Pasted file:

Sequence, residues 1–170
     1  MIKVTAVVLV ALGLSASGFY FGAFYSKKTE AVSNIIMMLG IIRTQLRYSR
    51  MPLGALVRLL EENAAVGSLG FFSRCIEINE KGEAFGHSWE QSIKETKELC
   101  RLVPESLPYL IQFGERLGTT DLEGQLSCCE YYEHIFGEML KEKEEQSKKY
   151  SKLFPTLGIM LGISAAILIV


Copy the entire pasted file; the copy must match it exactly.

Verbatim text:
Sequence, residues 1–170
     1  MIKVTAVVLV ALGLSASGFY FGAFYSKKTE AVSNIIMMLG IIRTQLRYSR
    51  MPLGALVRLL EENAAVGSLG FFSRCIEINE KGEAFGHSWE QSIKETKELC
   101  RLVPESLPYL IQFGERLGTT DLEGQLSCCE YYEHIFGEML KEKEEQSKKY
   151  SKLFPTLGIM LGISAAILIV